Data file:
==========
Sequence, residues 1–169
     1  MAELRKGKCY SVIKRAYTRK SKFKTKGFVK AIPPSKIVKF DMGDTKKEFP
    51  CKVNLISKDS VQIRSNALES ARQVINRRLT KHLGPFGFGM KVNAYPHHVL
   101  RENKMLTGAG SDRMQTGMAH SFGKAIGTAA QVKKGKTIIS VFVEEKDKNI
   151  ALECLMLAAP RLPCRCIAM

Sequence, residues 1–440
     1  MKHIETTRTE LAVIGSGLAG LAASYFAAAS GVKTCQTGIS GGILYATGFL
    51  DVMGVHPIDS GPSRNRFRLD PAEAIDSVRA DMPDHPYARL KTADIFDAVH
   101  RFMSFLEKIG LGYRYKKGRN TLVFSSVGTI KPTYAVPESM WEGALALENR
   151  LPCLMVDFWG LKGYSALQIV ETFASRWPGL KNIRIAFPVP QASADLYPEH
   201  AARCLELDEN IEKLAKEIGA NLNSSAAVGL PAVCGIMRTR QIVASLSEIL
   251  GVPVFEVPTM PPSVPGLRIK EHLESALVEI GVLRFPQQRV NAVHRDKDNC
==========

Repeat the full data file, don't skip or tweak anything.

Sequence, residues 1–169
     1  MAELRKGKCY SVIKRAYTRK SKFKTKGFVK AIPPSKIVKF DMGDTKKEFP
    51  CKVNLISKDS VQIRSNALES ARQVINRRLT KHLGPFGFGM KVNAYPHHVL
   101  RENKMLTGAG SDRMQTGMAH SFGKAIGTAA QVKKGKTIIS VFVEEKDKNI
   151  ALECLMLAAP RLPCRCIAM

Sequence, residues 1–440
     1  MKHIETTRTE LAVIGSGLAG LAASYFAAAS GVKTCQTGIS GGILYATGFL
    51  DVMGVHPIDS GPSRNRFRLD PAEAIDSVRA DMPDHPYARL KTADIFDAVH
   101  RFMSFLEKIG LGYRYKKGRN TLVFSSVGTI KPTYAVPESM WEGALALENR
   151  LPCLMVDFWG LKGYSALQIV ETFASRWPGL KNIRIAFPVP QASADLYPEH
   201  AARCLELDEN IEKLAKEIGA NLNSSAAVGL PAVCGIMRTR QIVASLSEIL
   251  GVPVFEVPTM PPSVPGLRIK EHLESALVEI GVLRFPQQRV NAVHRDKDNC